And as frail as she might look, this lady certainly still has her wits about her. Madame Polo is astonishingly sharp and a pleasure to talk with if you speak some French. We listened intently as she told us about her two pigeonniers, or dovecotes, that she tends to outside of Paris, taking the commuter train twice a week to feed and care for her pigeons near Versailles. Madame Polo clearly has a soft spot for animals and also tells us the story of how she adopted her orphan cat Wahou, and the two injured canaries she found that now sit happily chirping in their cage behind us.
Just as our host remains forever young in spirit, time really has frozen here. It is forever Christmas in Madame Polo’s bar; the shiny garlands and tree ornaments have been hanging there in perpetual readiness for a festive celebration that never comes …
“I had a boy helping me once,” remembers Madame P, “He installed these old Christmas lights for me and then he left and I couldn’t take them down myself. They are antique lights now, so I’ve just unplugged them because if I need to replace a bulb, no one makes them anymore.”
Some might find a place like this sad and depressing, but I find it far too fascinating to be sad.
Yes, Madame Polo certainly could use some help and clearly has a problem with letting go of her clutter, which is likely the reason why Le P’tit Bar has been unable to let go of the past, but she still manages to welcome customers through the door, stay open until the wee hours and serve one last bottle of Vedett to keep her going for the week.
You couldn’t invent this place if you tried, nor Madame Polo’s stories of running one of the oldest bars in Paris for almost half a century. Without question, this honourable lady deserves a legion of honour from her country (I’m going to see what I can do)!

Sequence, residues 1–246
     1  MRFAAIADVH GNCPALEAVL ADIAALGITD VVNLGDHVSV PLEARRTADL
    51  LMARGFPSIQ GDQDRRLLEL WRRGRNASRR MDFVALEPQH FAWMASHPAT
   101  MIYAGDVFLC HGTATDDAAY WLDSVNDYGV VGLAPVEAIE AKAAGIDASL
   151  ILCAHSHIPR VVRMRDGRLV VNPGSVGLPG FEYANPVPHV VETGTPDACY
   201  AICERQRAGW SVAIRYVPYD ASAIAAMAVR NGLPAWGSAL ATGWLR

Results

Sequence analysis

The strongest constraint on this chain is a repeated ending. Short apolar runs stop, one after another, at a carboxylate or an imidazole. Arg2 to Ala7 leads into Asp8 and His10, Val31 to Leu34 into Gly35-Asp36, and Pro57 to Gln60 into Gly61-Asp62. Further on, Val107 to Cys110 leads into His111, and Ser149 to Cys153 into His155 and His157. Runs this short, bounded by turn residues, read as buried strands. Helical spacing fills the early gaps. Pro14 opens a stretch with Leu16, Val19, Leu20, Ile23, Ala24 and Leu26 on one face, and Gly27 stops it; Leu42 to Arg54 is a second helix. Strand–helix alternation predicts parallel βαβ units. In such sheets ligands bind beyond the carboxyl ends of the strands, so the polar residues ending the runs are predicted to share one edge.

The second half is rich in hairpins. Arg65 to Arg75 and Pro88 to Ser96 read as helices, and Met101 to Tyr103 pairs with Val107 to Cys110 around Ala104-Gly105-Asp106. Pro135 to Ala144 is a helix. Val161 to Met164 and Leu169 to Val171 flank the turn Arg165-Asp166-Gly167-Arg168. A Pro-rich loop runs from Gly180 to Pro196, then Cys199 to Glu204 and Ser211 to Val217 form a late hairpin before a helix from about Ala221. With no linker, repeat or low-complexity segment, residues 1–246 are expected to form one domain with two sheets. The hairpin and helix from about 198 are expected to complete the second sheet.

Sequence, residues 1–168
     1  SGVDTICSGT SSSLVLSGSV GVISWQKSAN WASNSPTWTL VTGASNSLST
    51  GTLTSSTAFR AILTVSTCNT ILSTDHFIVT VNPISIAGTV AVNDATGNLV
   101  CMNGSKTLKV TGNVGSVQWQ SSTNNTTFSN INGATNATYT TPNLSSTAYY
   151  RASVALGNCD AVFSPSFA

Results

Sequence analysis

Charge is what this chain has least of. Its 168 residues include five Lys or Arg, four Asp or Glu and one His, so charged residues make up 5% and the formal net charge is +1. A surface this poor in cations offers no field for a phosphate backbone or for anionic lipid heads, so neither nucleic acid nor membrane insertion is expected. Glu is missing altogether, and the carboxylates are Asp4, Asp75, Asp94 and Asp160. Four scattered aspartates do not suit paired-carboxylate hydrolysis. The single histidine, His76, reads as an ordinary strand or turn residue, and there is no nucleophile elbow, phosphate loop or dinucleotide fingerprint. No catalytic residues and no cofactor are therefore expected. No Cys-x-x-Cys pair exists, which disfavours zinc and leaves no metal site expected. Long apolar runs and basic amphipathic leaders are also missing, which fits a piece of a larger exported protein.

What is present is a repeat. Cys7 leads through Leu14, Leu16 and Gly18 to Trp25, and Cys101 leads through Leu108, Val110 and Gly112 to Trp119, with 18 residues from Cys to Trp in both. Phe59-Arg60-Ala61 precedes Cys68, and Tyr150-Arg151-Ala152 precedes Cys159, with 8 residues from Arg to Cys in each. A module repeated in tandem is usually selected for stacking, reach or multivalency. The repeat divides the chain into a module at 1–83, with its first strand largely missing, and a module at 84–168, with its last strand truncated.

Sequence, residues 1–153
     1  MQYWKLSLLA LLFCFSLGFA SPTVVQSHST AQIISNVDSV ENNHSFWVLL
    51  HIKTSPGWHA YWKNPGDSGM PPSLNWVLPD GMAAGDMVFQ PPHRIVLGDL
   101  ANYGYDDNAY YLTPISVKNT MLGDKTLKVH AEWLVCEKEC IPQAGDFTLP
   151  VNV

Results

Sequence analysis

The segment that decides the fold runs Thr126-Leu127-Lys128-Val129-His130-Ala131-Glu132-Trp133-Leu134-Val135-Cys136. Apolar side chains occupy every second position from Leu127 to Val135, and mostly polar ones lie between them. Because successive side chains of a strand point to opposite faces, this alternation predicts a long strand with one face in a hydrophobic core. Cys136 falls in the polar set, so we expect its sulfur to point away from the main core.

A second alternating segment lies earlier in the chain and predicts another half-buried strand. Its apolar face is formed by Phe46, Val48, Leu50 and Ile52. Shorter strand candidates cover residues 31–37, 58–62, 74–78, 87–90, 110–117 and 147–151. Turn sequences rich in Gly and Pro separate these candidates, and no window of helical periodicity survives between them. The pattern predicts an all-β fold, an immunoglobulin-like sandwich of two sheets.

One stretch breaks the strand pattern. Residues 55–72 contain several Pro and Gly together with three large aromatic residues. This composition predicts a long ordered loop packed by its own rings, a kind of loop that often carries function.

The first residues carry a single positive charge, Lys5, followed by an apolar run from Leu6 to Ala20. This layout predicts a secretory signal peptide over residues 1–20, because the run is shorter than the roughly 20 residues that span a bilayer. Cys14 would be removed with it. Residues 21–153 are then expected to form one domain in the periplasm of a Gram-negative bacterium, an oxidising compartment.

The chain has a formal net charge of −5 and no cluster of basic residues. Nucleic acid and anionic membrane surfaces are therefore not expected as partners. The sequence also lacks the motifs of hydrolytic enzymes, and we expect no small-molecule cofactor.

Order one of her legendary bottles of Belgian beer at €3, leave more if you can, but for the time travel of course, there is no price. A surreal drinking experience in a true Parisian time capsule…
Update: It is with great regret that I must share with you the news of Madame Polo’s passing. With the heart and soul behind Le P’tit Bar no longer with us, this establishment is now sadly no longer open.
Feeling Inspired by Madame Polo’s Legacy, Why not try…
For something a little more lively to awake you from your time travelling spell, head to the neighbouring bar Le Fanfaron.
Well on the way to earning its own title as a “time capsule”, Le Fanfaron is the kind of bar that you could only find by word of mouth. With an authentic 60s vibe, owned by a fiery co-owning Parisian couple that play out their lover’s tiffs at the bar, knock back tequila shots with the customers and play Jimmy Hendrix vinyls all night if they want to. The clientele is a mix of local artists, musicians, writers, travelers young and old.
It’s highly unusual to go to Le Fanfaron without meeting someone new, without witnessing one of the bartenders’ sensational alcohol- infused tantrums and generally having a pretty rock’n’roll time.
And it reminds me of what Le P’tit bar might have been like in its heydey…
6 Rue de la Main d’Or, 75011 Paris
[This article has been updated/ revisited from an original post written in Sept 2012]